Ikat means "to tie" or "to bind" in the Indonesian language and has come to describe both the process and the cloth itself. The technique is used in cultures all over the world, in Central and South America, Uzbekistan, India, Japan and several South-East Asian countries. Double ikats are found in India, Guatemala, Japan and the Indonesian islands of Bali and Kalimantan (Borneo).
Ikats vary widely from country to country and region to region. Designs may have ritual meaning or may have been developed for trade. Ikats are symbols of status, wealth, power and prestige because of the difficulty and time required to make ikats. Some cultures believe the cloth is imbued with magical powers. Ikats created by dyeing the warp yarns are the easiest to make. Before the warp strings are attached to the loom they are strung between poles and arranged into bundles. Each bundle is tied and dyed separately, so that a pattern will emerge when the loom is set up. This takes a good deal of skill. The tightly bound bundles are sometimes covered with wax or some other material that will keep the dyes from penetrating like strips cut from plastic bags or plastic tapes. The process is repeated several times for additional colors.
Some patterns have many strands in the cloth that are all dyed the same way, which creates a blocky design. In some weaving traditions each strand of the cloth may be dyed differently from the ones next to it. Usually the pattern repeats in symmetrical or asymmetrical ways. To make elaborate patterns the weaver will still bundle and dye several threads together, but when the loom is prepared, a single thread will be used from each bundle for each section of the pattern. Elaborate ikat patterns like this are often handed down from generation to generation in the same family.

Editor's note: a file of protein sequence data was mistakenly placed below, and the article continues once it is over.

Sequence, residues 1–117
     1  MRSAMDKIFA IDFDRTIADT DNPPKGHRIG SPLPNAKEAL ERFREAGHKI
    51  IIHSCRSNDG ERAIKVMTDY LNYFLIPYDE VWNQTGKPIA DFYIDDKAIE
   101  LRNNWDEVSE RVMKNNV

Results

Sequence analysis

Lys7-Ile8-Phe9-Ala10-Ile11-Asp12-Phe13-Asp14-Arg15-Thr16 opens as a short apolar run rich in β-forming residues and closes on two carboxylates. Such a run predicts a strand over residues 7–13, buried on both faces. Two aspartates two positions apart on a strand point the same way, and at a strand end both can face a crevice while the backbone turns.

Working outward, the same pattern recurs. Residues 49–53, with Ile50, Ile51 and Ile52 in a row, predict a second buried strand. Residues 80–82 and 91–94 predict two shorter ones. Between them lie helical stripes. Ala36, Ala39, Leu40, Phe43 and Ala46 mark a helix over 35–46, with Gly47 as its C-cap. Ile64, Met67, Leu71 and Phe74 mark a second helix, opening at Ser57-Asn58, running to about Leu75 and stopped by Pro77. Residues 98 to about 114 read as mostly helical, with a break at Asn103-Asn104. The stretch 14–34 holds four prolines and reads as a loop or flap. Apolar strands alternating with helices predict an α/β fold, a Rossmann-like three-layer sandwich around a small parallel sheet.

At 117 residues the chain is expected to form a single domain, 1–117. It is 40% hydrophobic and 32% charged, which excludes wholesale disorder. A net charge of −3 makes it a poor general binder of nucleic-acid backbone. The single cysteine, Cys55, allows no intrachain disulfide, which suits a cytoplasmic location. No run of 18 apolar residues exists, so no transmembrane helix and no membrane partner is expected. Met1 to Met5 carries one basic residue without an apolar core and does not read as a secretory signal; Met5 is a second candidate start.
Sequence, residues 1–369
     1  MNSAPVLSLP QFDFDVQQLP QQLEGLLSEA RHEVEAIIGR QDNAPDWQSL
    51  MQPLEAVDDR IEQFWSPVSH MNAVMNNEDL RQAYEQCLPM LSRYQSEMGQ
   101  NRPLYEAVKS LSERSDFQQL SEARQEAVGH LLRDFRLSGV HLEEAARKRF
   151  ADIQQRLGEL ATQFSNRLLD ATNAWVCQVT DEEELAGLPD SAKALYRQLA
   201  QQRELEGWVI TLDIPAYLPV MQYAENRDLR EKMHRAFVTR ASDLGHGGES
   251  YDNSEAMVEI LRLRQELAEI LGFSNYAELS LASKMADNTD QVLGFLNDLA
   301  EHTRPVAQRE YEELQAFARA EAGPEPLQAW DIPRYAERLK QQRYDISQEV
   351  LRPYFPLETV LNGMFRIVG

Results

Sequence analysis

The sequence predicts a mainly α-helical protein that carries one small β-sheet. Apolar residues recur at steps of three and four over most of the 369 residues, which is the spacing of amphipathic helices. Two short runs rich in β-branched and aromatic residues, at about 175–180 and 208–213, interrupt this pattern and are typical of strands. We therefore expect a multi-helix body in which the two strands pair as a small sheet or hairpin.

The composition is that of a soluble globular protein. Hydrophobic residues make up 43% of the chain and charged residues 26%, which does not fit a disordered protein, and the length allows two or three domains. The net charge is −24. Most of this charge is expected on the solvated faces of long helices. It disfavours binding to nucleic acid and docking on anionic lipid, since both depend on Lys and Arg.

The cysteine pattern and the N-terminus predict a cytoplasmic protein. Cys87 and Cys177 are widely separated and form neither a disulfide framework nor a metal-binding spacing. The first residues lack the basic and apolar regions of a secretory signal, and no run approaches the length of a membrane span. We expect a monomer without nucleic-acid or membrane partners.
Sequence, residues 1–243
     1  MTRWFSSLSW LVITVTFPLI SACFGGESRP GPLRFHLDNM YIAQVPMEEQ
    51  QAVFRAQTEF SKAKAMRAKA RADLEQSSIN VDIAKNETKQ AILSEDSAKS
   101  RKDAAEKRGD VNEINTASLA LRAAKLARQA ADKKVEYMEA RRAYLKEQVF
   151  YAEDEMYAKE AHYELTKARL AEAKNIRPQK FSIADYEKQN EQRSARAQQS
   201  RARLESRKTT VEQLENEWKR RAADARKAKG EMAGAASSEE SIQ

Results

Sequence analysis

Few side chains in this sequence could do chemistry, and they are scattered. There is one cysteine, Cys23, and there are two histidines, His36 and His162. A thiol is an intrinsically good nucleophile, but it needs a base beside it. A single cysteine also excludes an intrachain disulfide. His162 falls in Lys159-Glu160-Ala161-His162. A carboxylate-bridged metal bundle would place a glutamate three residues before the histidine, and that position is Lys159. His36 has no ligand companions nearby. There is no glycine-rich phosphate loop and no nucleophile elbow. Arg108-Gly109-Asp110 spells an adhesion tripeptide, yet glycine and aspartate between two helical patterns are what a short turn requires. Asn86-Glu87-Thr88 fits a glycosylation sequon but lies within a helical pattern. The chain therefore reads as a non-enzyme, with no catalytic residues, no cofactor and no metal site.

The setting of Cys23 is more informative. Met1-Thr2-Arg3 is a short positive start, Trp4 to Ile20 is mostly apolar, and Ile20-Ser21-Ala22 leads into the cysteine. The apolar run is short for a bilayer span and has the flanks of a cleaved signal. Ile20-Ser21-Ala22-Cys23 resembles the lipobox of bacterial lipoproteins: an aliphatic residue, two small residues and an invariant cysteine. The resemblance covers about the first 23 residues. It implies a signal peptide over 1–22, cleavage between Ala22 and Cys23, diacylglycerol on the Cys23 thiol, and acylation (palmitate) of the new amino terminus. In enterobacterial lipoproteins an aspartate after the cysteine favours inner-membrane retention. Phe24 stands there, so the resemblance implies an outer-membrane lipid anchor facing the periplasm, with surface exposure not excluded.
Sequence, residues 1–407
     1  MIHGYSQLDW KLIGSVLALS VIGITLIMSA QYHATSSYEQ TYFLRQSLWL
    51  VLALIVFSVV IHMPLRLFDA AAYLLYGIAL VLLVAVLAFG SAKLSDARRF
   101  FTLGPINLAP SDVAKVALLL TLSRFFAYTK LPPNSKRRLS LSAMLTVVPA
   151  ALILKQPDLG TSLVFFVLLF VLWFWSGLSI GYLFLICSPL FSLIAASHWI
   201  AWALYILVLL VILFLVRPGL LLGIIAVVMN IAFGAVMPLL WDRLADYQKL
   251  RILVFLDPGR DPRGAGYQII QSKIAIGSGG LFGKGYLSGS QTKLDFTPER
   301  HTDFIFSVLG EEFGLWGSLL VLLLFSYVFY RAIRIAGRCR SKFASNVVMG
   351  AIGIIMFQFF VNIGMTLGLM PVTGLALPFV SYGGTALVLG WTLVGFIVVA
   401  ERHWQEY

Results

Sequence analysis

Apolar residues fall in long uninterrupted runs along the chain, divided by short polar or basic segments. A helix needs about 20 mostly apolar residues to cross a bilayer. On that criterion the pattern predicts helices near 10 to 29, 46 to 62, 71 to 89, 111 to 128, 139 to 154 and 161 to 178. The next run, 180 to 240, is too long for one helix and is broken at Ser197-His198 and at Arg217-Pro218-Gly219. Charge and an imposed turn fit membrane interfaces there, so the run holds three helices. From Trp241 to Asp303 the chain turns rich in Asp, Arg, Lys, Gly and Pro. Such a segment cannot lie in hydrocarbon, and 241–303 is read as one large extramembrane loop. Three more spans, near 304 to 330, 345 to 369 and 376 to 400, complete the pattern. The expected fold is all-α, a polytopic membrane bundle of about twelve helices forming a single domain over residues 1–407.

After the threads are dyed the loom is set up. The pattern is visible to the weaver when the dyed threads are used as warp and threads can be adjusted so that they line up correctly with each other as the warp is tied on to the loom. Some ikat styles (like in Japan and Guatemala) don't try to get the patterns precisely lined up, while in others (like in Timor in Indonesia) the patterns are so accurate, you have to look closely to determine that the pattern was not printed on the cloth.
Dying the weft yarns makes it much more difficult to make ikats with precise patterns. The weft is one continuous strand that is woven back and forth, so any errors in how the string is tied and dyed are very obvious. Because of this, weft ikats are usually used when the precision of the pattern is not the main concern. Some patterns become transformed by the weaving process into irregular and erratic designs. However, the precise images of Japanese ikats are often made from weft ikat when they are not double ikats.
Double ikats are the most difficult to produce. In the finest examples from India and Indonesia, the warp and the weft are precisely tied and dyed so that the patterns interlock and reinforce each other when the fabric is woven.
The most precise ikat is the Japanese Oshima - thrice-woven cloth. The warp and weft threads are used as warp yarns to weave stiff fabric, upon which the thread for the ikat weaving is spot-dyed. Then the mats are unraveled and the dyed thread is woven into Oshima cloth.
Today there are many takes on ikat, such as Featured Artist Jane Evans, who paints directly on the warped loom to achieve wonderful Impressionist feeling landscapes.
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